Like many rural communities, Arlington, S.D., is struggling to maintain an economic foothold in the Walmart and dot-com world. Recently, the town of about 900 showed it was willing to stake a claim to the future with a dynamic and proactive program of economic development.
Economic development has been important for many years in Arlington, but efforts were hampered by the fact that volunteers were carrying the torch. A few motivated champions took on development as essentially an unpaid second job but could not always devote the time required. In August of last year, Arlington took an important step toward establishing a permanent foundation for economic development: hiring someone to do it full time.
To help defray some of the costs associated with hiring full-time professional economic development, the Arlington Community Development Corp. and the city of Arlington enlisted the help of the Governor’s Office of Economic Development through the Economic Development Partnership Program.
The program provides matching grants to assist in funding equipment, training, new staff, or the elevation of existing part-time staff to full time, for the purpose of developing community economic development programs.
Arlington is not the only rural community to partner with the GOED. Almost every county in the state has applied for some economic development money.
GOED Partnership grant administrator Cherissa Wright says the job and wealth creation associated with grant money has been very promising.
“Through the 24 funded programs a total of 1,042 jobs were created or retained in 2014, and we are anticipating another 218 jobs in 2015,” Wright said.
Every GOED partnership dollar is intended to have a multiplier effect by helping bring new businesses to communities, helping retain existing businesses or providing ways to further develop local wealth.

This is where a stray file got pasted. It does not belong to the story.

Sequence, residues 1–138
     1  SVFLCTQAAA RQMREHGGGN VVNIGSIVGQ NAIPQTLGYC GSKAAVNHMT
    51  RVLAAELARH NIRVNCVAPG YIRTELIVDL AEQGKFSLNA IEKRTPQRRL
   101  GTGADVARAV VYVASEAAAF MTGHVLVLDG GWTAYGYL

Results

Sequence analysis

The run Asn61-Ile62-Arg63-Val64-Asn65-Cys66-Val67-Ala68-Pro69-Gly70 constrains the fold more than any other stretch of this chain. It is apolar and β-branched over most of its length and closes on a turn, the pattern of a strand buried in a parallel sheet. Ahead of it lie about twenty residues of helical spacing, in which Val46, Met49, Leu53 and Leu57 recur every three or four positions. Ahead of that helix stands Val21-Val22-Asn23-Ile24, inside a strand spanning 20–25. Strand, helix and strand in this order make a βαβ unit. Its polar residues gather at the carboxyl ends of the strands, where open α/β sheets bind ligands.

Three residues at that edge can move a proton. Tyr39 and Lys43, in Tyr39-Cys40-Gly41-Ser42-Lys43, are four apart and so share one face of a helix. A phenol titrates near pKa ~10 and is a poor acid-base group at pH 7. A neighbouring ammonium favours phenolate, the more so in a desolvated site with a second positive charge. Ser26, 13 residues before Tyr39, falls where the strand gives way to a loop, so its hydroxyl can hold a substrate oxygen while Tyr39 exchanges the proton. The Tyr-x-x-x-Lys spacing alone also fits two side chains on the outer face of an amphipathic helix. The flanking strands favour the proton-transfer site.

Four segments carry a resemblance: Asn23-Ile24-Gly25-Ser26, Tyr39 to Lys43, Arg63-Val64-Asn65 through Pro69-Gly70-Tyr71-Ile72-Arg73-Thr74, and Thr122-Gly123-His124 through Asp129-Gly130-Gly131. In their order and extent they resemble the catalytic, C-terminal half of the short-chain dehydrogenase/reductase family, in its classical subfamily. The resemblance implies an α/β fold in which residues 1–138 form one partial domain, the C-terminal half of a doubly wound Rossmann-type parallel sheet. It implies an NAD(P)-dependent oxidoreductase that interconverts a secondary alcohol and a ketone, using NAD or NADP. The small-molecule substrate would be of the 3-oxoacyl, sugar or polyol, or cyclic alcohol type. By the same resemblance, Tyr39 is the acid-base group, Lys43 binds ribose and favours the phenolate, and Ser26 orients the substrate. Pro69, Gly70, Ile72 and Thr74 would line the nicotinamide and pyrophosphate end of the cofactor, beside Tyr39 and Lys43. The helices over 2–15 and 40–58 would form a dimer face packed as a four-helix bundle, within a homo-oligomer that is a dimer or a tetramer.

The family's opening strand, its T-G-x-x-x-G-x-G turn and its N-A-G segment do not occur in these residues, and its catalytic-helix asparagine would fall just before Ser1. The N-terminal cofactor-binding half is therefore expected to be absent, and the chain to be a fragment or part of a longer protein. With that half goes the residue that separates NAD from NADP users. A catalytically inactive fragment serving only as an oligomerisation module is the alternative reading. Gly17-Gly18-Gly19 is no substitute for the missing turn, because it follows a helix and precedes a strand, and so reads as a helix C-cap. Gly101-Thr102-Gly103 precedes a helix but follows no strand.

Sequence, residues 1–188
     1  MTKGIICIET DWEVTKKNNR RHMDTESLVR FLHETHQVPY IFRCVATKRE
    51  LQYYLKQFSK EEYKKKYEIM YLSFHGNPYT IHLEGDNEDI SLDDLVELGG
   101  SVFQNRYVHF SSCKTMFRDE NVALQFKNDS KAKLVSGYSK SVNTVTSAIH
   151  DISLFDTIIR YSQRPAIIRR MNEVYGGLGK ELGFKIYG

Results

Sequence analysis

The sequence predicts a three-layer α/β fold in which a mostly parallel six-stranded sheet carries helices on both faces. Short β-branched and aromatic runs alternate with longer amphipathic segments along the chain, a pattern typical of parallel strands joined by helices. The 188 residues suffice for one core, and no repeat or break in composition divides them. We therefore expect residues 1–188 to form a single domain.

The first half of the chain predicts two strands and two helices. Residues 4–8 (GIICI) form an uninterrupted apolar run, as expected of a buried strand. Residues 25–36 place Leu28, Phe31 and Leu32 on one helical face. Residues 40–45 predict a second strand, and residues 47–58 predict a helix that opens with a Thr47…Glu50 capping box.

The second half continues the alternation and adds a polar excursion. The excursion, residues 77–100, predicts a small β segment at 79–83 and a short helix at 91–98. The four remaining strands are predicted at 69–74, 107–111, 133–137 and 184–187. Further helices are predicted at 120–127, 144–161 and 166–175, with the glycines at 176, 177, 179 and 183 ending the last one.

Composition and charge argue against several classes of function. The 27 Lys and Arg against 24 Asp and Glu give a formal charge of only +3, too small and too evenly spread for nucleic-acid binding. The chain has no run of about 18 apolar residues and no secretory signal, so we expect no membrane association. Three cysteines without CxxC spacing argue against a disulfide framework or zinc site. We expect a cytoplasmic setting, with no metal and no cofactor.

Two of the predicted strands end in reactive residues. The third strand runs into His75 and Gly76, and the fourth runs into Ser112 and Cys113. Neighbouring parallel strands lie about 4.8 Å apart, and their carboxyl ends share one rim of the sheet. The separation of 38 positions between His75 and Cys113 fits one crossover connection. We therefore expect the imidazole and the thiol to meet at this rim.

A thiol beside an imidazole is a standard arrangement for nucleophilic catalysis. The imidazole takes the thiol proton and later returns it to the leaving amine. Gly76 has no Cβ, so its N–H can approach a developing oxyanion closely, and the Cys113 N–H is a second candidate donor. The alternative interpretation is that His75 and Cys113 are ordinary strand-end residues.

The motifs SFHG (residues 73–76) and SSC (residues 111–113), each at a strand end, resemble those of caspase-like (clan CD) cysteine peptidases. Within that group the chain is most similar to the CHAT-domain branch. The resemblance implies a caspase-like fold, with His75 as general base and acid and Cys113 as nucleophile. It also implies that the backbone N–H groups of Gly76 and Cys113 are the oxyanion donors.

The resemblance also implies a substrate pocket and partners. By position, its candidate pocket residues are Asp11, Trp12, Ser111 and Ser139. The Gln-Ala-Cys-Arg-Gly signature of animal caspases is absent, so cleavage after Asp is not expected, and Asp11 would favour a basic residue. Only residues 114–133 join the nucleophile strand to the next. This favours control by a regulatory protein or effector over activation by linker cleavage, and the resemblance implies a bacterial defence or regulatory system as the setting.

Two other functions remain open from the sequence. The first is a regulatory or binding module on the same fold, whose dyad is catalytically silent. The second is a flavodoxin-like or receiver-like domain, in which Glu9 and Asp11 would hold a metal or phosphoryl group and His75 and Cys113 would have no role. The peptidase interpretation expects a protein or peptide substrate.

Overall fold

“The programs that have been funded through the partnership grant are varied. Many assist with salary for full- or part-time economic developers, some assist with work-force developments efforts, and some are targeted towards entrepreneurship,” GOED finance director Kim Easland said. “Equally diverse are the communities receiving money—from Kimball (population 703) to Sioux Falls (population 164,676) and everywhere else in between.”
Arlington’s $88,310 grant is spread over four years and requires matching funds from the City Economic Development Fund and the Arlington Community Development Corp.
“By assisting communities like Arlington to have a full-time developer, and providing that person with the training tools they need, we are putting more and more communities on a proactive path to development,” said Commissioner Pat Costello.
Dick Werner, District 22 state representative, sponsored one of the House bills that eventually became Senate Bill 235, referred to as “Building South Dakota,” which is responsible for funding economic development efforts in the state.
“What’s good for Arlington is good for South Dakota,” Werner said. “I wanted to have every community willing to have a stake in the game to be able to have someone in their community that could wake up every morning to work on economic development.”
Now that the grant monies have established the position, the truly hard work will follow. Together, the residents of Arlington, along with the Development Corporation, the city, the school and GOED can work together to build a bright future.
Jason Uphoff is the new executive director for the Arlington Community Development Corporation. Read his story of leaving and coming home to South Dakota online: http://dakotafire.net/?p=8135